When you go thumbing through Broadway listings of the yonder years, one thing jumps out. Infidelity and wonky-marriage plots were once the reliable money makers among the non-musicals. Adult farces were so prevalent when William Goldman wrote about the 1967–68 season that he included an entire chapter dedicated just to sex comedies. It’s hard to imagine now. Watching the revival of Neil Simon’s Plaza Suite at the Hudson Theatre, you do at least get a window into why.
I don’t mean that Plaza Suite is sexy. This particular production has little of that sort of heat, thanks to the specific energies of its stars, the married couple Sarah Jessica Parker and Matthew Broderick. And in all three of these tartly written 1968 playlets, only one person takes off a piece of indoor clothing, and it’s so she can change into her comfy slippers. But the subject of each comedy is a heterosexual couple riddled with vanity, misapprehension, and weariness. The year after the staggeringly successful Plaza Suite opened, the creation of the no-fault divorce sent American marriage into the meat grinder. I’m not saying Neil Simon persuaded everybody that it would be better to split up – but he either told them what they were already thinking or he loosened the lid on the can of no-fault worms.
The trio of one-acts — Visitor From Mamaroneck, Visitor From Hollywood, and Visitor From Forest Hills — all take place in Room 719 in New York’s Plaza Hotel. The visitors, played by Parker and Broderick in a variety of wigs, have the slightly alienated perspective of the out-of-towner; they see things outside the Plaza’s lavishly beswagged windows that a local might take for granted. For instance, in the first piece, the chatty and long-married Karen notices the Savoy-Plaza that was once across the street has been demolished. “Shows you how often I get into the city,” she says, as she prepares to celebrate her anniversary in the very room where she once honeymooned. “Well, listen, that’s what they’re doing today. If it’s old and it’s beautiful, it’s not there in the morning.” It doesn’t bode well for other lovely things she might want to preserve. When her husband Sam comes in and first ignores her comments about the anniversary, then reveals that she’s gotten the day wrong, the room wrong, and even her own age wrong, we know he’s going to erase her all the way down to her galoshes. Karen is funny and accommodating and passionate, but Sam is fresh from the dentist, and he’s four caps shy of a full set. What happens when a 50-year-old man gets new teeth? He smiles at someone new.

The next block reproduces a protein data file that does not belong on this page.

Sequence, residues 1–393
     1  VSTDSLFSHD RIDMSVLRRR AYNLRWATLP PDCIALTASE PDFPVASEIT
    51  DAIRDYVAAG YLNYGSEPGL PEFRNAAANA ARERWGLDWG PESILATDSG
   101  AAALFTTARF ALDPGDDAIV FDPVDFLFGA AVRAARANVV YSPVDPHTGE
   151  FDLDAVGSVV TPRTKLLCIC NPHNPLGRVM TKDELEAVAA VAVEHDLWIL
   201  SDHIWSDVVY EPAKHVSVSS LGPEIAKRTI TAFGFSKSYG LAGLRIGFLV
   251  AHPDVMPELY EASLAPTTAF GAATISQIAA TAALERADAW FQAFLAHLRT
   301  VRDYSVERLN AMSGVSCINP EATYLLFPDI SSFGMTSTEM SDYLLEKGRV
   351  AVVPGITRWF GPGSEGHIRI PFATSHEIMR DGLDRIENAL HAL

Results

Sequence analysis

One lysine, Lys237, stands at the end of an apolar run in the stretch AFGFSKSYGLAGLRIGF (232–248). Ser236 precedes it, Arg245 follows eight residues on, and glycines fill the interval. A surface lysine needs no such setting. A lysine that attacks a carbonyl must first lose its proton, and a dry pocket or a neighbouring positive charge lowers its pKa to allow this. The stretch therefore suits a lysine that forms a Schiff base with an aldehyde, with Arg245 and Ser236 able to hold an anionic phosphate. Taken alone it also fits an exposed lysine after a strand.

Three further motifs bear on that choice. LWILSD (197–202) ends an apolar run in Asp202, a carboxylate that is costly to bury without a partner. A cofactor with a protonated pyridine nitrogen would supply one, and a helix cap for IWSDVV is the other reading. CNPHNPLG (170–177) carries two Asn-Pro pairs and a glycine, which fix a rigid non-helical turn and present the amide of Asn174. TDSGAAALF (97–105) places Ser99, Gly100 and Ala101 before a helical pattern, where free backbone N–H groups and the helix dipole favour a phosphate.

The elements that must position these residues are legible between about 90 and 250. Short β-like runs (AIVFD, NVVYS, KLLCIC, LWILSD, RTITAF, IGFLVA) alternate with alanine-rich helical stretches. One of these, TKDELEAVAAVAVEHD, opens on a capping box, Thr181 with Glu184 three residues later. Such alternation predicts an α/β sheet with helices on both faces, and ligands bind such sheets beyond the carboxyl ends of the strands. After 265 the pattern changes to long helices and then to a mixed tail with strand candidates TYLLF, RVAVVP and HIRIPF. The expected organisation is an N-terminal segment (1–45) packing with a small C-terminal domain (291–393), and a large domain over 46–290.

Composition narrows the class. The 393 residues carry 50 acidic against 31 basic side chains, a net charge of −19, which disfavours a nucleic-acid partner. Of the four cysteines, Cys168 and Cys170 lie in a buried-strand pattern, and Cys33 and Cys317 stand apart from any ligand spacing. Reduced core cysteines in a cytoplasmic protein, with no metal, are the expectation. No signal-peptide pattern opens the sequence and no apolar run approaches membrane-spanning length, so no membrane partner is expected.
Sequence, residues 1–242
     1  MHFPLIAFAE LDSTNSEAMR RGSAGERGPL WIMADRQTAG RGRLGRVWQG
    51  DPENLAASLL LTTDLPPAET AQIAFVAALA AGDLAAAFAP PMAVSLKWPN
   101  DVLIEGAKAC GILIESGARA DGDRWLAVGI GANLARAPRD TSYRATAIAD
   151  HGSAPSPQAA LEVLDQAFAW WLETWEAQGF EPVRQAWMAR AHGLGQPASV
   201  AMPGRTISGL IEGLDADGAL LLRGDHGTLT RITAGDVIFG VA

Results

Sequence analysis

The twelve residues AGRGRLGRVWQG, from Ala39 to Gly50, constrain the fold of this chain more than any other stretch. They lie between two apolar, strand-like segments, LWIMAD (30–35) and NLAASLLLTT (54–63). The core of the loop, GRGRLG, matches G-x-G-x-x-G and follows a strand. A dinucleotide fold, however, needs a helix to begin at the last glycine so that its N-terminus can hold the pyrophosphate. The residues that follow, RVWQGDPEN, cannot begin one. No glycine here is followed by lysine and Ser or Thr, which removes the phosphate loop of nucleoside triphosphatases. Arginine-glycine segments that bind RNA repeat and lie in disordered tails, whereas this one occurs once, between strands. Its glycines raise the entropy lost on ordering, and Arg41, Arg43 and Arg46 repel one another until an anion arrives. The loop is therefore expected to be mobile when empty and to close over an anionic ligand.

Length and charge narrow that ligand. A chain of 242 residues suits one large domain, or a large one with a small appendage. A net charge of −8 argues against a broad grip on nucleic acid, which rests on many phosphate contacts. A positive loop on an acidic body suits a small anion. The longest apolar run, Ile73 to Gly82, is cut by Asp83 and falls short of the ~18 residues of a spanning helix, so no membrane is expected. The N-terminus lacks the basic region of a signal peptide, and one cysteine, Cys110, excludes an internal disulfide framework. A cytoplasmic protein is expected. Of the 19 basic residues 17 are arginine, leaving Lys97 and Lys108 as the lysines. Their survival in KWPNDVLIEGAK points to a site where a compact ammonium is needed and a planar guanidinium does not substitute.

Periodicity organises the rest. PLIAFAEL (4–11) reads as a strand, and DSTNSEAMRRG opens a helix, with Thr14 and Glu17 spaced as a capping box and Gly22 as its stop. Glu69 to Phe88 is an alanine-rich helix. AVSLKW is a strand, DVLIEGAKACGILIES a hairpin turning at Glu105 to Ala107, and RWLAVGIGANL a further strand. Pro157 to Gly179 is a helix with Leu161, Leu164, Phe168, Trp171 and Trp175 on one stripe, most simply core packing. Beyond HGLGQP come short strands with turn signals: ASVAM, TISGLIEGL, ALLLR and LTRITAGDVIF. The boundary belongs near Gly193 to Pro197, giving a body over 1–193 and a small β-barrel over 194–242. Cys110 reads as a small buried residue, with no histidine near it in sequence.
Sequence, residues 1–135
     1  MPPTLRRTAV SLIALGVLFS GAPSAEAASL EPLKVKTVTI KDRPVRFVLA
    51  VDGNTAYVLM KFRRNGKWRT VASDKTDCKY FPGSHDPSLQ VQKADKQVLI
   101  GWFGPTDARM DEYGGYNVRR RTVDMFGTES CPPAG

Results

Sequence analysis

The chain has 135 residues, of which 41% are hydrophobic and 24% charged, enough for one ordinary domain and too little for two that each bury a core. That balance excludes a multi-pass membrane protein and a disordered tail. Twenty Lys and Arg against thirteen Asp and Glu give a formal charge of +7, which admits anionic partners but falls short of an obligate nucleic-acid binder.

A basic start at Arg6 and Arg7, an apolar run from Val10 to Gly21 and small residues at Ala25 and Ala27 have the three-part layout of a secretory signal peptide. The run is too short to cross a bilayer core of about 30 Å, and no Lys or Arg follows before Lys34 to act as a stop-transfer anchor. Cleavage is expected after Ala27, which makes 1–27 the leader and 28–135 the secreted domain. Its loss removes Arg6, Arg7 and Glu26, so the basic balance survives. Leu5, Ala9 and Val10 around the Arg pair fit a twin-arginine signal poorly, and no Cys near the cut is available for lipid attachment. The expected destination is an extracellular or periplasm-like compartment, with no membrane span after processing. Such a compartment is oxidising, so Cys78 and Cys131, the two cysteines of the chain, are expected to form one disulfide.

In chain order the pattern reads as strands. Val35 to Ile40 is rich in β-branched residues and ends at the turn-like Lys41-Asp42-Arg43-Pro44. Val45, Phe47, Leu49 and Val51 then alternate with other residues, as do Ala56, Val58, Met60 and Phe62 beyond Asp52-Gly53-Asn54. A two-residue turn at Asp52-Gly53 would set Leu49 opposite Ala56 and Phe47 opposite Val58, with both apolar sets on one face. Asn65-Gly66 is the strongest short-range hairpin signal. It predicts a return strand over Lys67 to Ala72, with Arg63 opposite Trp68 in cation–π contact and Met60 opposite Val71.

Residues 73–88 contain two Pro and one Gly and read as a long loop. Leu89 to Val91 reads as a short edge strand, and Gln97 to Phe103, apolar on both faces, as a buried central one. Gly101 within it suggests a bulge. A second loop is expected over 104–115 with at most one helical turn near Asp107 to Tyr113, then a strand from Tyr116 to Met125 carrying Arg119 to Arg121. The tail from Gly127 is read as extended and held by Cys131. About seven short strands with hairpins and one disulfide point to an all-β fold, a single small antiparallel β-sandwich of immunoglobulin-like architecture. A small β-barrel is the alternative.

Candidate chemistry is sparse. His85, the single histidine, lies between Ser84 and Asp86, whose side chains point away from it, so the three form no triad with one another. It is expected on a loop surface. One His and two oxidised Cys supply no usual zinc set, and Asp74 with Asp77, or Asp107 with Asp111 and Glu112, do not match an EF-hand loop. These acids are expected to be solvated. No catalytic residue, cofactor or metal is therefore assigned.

In the second play, Parker plays the excitable housewife Muriel, who has been summoned in from her house in New Jersey to have a few vodka stingers with her long-ago high-school boyfriend, the big deal Hollywood producer Jesse Kiplinger. Parker’s hair is now long and blonde and smoothed back behind an Alice band; Broderick as Kiplinger is in full Austin Powers mode, his hips on the swivel, the panes of his enormous glasses like two walls of an aquarium. He and director John Benjamin Hickey have developed some physical jokes for him in this scene (his slick Hollywood-guy shoes slide out from under him like skates), but the script needs something screwball from the couple that they can’t provide. Simon is writing a match-up rather than a break-up — Kiplinger lusts after the innocent he left behind, while Muriel’s seduced by what he’s become. It would be sad that they’re so out of sync, except that their out-of-syncness is sufficient for the purpose, which is to move the party to the bedroom. We leave them as composer Marc Shaiman brings up the groovy beat they’re about to get down to.